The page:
Monday, April 02, 2012

Lorraine & John Roberts, Crashavian Criticism

Lorraine M. Roberts and John R. Roberts, Crashavian Criticism, in New Perspectives on the Life and Art of Richard Crashaw, Ed. John R. Roberts, University of Missouri Press, Columbia and London, 1990.

The modest reputation that Crashaw achieved in the seventeenth century suffered a decline in the eighteenth, along with that of most of the other metaphysical poets. The most famous critic of the age, Dr. Johnson, made no direct comments on Crashaw’s poetry; but he did quote Crashaw 103 times in his dictionary, whereas he quoted Herbert only 78 times and Vaughan not at all. (4)

…a letter by Alexander Pope to Henry Cromwell, written in 1710, containing what some call the first sustained criticism of Crashaw’s poetry—a mixture of praise, condemnation, and misjudgment. Assuming that Crashaw wrote as a gentleman poet, “more to keep out of idleness, than to establish a reputation,”… Pope… advised Cromwell to read Crashaw, “to skim off the froth” and find the poet’s “own, natural, middle-way.” He called “Musicks Duell” “very remarkable” and said that, having read Crashaw “twice or thrice,” … Although Pope expressed dislike for Crashaw’s versification, he voiced even greater dissatisfaction with the architectonics of Crashaw’s poetry: “all that regards Design, Form, Fable (which is the Soul of Poetry), all that concerns exactness, or consent parts, (which is the Body) will probably be wanting.” Appended to the Cromwell letter was a list of what Pope considered Crashaw’s best pieces—the paraphrase of Psalm 23, “In praise of Lessius,” “An Epitaph Upon Mr. Ashton,” “Wishes. To his (supposed) Mistresse,” and “Dies Irae Dies Illa.” The omission of what today would be considered Crashaw’s most successful poems—including a number of the religious ones—might seem strange, until we remember Pope’s disdain for religious enthusiasm and his own uncomfortable position as a Roman Catholic in Protestant England. In comparison with other metaphysical poets, Pope ranked Crashaw as “a worse sort of Cowley” yet judged that “Herbert is lower than Crashaw, Sir John Beaumont higher, and Donne, a good deal so.” (4-5)

Coleridge’s daughter, Sara, informed a friend that both her father and Wordsworth had admired Crashaw’s poetry, but, for the most part, as poets they were alone on their side of the Atlantic in their appraisal. In America, however, Emerson, Longfellow, Lowell, and A. Bronson Alcott all responded favorably to Crashaw’s verse. (9)

Two Victorians who sought to exercise informed critical judgment rather than simply to express appreciation or depreciation of Crashaw’s poetry were Edmund Gosse and Canon H. C. Beeching. Gosse placed Crashaw in a continental context, pointed out what he considered to be the poet’s mannerist tendencies, and attempted to show Crashaw’s superiority to Spee and Gongora. He condemned “The Weeper,” however, deploring “Two walking baths; two weeping motions; / Portable and compendious oceans” (II. 113-14) as the worst lines in English poetry, a view endorsed by a number of later critics of the poem. (13)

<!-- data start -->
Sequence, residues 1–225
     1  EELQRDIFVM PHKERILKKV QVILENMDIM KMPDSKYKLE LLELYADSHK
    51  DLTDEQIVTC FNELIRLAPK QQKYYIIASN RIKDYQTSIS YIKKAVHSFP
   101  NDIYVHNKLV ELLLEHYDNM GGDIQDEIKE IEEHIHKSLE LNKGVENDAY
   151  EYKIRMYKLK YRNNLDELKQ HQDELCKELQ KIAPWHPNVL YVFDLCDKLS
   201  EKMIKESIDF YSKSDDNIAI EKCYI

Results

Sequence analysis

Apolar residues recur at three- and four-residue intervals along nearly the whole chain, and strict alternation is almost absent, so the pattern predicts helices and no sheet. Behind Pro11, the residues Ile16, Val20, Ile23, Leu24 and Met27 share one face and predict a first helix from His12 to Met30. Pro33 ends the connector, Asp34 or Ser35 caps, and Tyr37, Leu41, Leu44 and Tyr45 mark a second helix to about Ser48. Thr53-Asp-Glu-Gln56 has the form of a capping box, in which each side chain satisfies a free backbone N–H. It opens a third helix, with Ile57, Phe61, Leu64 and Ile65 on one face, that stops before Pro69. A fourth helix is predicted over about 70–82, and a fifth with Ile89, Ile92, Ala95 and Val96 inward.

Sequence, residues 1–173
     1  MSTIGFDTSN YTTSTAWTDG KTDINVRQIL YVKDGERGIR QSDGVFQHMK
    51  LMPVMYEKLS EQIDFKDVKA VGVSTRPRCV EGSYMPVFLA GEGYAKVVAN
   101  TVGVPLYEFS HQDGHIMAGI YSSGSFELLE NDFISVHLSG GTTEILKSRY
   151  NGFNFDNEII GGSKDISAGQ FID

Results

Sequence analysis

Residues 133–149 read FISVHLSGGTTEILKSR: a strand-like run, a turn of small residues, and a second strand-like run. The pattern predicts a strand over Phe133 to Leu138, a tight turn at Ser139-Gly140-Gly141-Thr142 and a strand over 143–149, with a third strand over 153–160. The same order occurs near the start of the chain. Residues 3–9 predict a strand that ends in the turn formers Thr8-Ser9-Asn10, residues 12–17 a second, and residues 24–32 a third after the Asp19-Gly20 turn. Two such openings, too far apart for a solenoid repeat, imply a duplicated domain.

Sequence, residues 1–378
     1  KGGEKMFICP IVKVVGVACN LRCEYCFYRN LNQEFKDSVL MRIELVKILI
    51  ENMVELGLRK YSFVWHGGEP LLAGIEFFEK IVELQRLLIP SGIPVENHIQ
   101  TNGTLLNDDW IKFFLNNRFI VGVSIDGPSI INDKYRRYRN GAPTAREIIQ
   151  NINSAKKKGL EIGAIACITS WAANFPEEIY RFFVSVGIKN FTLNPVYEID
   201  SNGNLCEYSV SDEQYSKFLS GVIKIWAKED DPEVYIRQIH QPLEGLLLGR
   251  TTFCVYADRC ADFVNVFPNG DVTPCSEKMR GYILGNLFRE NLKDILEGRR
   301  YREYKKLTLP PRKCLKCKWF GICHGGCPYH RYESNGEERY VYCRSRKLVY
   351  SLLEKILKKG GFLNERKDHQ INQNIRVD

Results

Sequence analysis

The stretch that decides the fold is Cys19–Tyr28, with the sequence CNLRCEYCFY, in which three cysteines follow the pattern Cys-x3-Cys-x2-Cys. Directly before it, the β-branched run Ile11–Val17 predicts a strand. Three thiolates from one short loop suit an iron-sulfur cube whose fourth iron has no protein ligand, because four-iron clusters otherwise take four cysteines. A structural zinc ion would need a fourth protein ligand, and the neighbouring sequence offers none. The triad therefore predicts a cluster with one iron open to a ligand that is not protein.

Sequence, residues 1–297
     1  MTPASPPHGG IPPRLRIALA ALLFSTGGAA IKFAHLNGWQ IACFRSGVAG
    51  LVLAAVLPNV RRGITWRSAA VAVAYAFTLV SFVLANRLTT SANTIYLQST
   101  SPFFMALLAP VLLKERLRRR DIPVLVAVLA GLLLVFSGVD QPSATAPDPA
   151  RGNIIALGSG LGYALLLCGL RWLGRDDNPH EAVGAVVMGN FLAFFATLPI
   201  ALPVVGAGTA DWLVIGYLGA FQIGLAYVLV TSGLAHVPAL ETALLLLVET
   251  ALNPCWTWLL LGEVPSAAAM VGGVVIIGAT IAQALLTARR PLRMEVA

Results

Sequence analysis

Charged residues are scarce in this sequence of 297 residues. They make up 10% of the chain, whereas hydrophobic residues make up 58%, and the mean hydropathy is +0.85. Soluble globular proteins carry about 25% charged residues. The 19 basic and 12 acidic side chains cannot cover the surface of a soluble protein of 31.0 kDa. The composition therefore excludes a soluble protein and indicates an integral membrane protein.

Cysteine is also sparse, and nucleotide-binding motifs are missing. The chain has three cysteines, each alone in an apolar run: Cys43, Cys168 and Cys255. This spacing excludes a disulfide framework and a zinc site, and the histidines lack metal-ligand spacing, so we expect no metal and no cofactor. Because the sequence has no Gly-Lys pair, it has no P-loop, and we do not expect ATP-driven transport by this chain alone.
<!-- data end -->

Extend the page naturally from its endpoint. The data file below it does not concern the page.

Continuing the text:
Twentieth-century criticism … Two new fallacious ideas that became prevalent and never completely died—that Crashaw was “one of the least English of our great poets” and that he was a “poet of pure emotion” with no profundity of thought—were introduced by A. Clutton-Brock in The Cambridge Modern History of 1906. (16)

Eliot agreed wholeheartedly with Mario Praz that Crashaw, even more than Marino or Gongora, was “the representative of the baroque spirit in literature,” a critical notion expressed repeatedly by later critics, some of whom began to draw explicit parallels between Crashaw’s poetry and baroque sculpture, architecture, and painting. / Mario Praz’s work in 1925 not only used the term baroque for Crashaw’s poetry but also highlighted the central importance of Counter-Reformation influences, especially Jesuit influences… (18)

Also, the old cliché that Crashaw’s poetry lacks structure, that the ideas are “strung together like the beads of a rosary” or by only the most imprecise emotional associations, was effectively challenged by a number of critics during the past two decades. (26)

But far more damaging, perhaps, are the critical introductions in textbooks and anthologies offered to thousands of students who are reading Crashaw for the first time, some of whom will later become teachers and critics themselves. A prime example is the cliché-ridden compendium of Crashavian criticism found in The Norton Anthology of English Literature, in which the student is informed that Crashaw’s poetry is “deliberately artificial and deliberately lacking formal structure,” that “extravagant metaphors [are held] loosely together” and are combined “with almost grotesque effects,” and that the Nativity ode and “The Flaming Heart” culminate in “a swirling, grandiose phantasmagoria of sensual and spiritual ecstasy.” (27)

Even the recent, highly respected work of Barbara Kiefer Lewalski on so-called Protestant poetics serves, in a number of ways, to relegate Crashaw to the fringe, for Lewalski concludes that he was isolated from other English Christian writers of his time and suggests that his poetry was inspired, not by the Bible, but by medieval Catholic and continental sources, which presumably are nonbiblical in their inspiration. [Barbara Kiefer Lewalski, Protestant Poetics and the Seventeenth-Century Religious Lyric (Princeton: Princeton University press, 1979). (28)


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